Under the General Data Protection Regulation (GDPR), consent to receive your marketing emails must be explicit, freely given, and for a singular, clear purpose. In reality, GDPR can be seen as raising the bar for a higher standard of consent, which hands the control of consent over to the data subject (aka you and me!)
Gathering consent requires a positive, affirmative opt in to a clear and plain text explanation of how your data will be processed. While consent is only one basis for data processing, this blog will focus on how you can channel your efforts when trying to get your database to opt in to receive your marketing communications before the 25th May implementation date.
Think about your data as three distinct chunks – they may not be evenly balanced, but thinking about your data in this way will help you focus your efforts.
1 – Low hanging fruit.
This is the easiest group of people to opt in. This group will include current customers (if you haven’t gathered consent in a GDPR-compliant way in the past), hot leads, recent attendees at events, web enquiries and the like.
Identify these people in your database and apply a personal touch – offer them a whitepaper or content that will pique their interest or pick up the phone and ask them yourselves.
A note on legitimate interest…
You can argue that this section doesn’t need to consent because contacting them is in under the banner of legitimate interest; they are likely to want to, or expect to, hear from you about the services you offer.
2 – The ‘not so sure’s.
This (potentially larger) section of data presents a huge opportunity but expect a noticeable amout of data loss. This group will be former customers and clients, people who signed up to your newsletters a considerable time ago, event attendees from years gone by and old data lists.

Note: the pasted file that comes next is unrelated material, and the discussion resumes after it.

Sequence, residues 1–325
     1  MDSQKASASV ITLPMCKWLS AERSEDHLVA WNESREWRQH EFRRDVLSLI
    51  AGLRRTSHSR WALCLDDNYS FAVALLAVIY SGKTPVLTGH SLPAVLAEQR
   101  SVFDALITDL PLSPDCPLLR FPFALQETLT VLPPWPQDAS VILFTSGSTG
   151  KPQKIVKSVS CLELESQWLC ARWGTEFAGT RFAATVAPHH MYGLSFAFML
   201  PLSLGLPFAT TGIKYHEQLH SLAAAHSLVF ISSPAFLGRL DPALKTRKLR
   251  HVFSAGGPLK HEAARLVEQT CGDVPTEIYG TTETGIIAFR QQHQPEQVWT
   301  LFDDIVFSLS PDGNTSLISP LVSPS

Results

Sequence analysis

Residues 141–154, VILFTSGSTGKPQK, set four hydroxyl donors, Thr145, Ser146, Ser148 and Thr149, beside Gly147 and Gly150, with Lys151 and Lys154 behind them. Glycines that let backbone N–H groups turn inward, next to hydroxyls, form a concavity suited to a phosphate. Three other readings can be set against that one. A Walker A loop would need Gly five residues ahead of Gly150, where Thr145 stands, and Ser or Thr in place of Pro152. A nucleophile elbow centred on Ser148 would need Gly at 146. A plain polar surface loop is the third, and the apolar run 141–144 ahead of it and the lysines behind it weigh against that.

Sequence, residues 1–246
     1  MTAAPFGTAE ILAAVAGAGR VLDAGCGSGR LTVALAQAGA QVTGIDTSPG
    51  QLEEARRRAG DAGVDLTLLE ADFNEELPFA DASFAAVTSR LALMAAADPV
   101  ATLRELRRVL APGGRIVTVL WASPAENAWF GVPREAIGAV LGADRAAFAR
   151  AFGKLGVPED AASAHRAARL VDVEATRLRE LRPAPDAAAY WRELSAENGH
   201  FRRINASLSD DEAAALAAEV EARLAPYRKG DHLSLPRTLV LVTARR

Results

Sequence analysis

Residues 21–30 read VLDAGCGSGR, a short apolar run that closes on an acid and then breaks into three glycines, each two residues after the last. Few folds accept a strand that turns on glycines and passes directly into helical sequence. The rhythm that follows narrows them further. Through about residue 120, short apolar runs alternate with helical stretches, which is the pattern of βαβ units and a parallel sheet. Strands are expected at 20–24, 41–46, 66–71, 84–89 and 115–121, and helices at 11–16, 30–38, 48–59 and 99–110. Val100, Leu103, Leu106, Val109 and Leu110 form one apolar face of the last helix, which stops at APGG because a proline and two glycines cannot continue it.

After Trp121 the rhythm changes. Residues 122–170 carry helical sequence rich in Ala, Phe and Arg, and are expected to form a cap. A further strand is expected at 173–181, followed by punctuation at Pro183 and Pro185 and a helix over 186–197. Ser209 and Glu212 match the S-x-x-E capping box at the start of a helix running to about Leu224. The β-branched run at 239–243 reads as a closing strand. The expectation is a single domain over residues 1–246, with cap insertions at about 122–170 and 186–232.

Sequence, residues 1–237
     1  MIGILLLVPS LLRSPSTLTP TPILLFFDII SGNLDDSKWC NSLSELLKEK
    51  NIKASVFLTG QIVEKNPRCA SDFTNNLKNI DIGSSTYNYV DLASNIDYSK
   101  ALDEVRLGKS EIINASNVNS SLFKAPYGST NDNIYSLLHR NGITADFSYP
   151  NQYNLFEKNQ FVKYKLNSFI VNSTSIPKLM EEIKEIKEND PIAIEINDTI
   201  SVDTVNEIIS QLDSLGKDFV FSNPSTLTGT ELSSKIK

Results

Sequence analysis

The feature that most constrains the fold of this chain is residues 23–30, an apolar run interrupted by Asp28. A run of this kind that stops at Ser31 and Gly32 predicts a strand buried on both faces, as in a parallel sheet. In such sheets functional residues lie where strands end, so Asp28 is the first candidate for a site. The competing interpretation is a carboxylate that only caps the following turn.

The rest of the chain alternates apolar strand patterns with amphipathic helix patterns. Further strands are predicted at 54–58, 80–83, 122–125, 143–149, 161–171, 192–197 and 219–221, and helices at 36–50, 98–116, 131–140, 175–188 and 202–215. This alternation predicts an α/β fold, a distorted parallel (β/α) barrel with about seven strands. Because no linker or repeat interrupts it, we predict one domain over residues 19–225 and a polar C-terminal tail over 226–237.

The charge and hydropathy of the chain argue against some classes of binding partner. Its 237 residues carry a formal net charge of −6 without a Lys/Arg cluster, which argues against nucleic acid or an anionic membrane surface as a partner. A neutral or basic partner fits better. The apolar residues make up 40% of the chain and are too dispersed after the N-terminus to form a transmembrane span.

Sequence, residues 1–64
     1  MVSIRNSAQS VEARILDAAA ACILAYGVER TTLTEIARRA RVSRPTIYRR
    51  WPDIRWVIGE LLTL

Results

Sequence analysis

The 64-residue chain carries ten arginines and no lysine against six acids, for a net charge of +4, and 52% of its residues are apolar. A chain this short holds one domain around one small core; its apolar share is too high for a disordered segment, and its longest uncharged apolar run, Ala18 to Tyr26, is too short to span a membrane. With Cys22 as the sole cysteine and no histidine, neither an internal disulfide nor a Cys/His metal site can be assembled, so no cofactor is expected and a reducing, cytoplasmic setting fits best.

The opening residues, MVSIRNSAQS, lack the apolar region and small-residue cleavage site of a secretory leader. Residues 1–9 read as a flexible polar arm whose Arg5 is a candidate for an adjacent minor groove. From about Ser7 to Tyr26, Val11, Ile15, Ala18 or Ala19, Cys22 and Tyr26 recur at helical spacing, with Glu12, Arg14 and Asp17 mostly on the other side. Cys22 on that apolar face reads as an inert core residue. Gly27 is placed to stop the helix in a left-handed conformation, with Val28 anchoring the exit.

This group will need a longer funnel to gather opt in consent, so automation could be the way to get them over the line. Set up a series of emails, offering them content in exchange for opting in. Monitor your success regularly and tweak your messaging if you’re not seeing regular opt ins after each wave.
3 – The dead data in the water.
This final chunk will include legacy data, years’ old purchased data lists and your hard bounces, soft bounces and generic email addresses. Draw a line in the sand and take this chunk off your radar, focussing your efforts on the data that will provide some return and freshly opted in data.
By breaking your data down into clear and defined lists, you will be able to set yourself a framework that you can clearly measure your success against. Don’t leave it too late though. It’s better to start with a smaller pool of active recipients who are clearly interested in what you offer than flogging a dead horse.
Our GDPR whitepaper clearly outlines this and many other tactics we recommend for ensuring that your marketing is GDPR-compliant. While the road towards GDPR compliancy isn’t simple, we hope that you’re more able to cope with the challenge after reading it.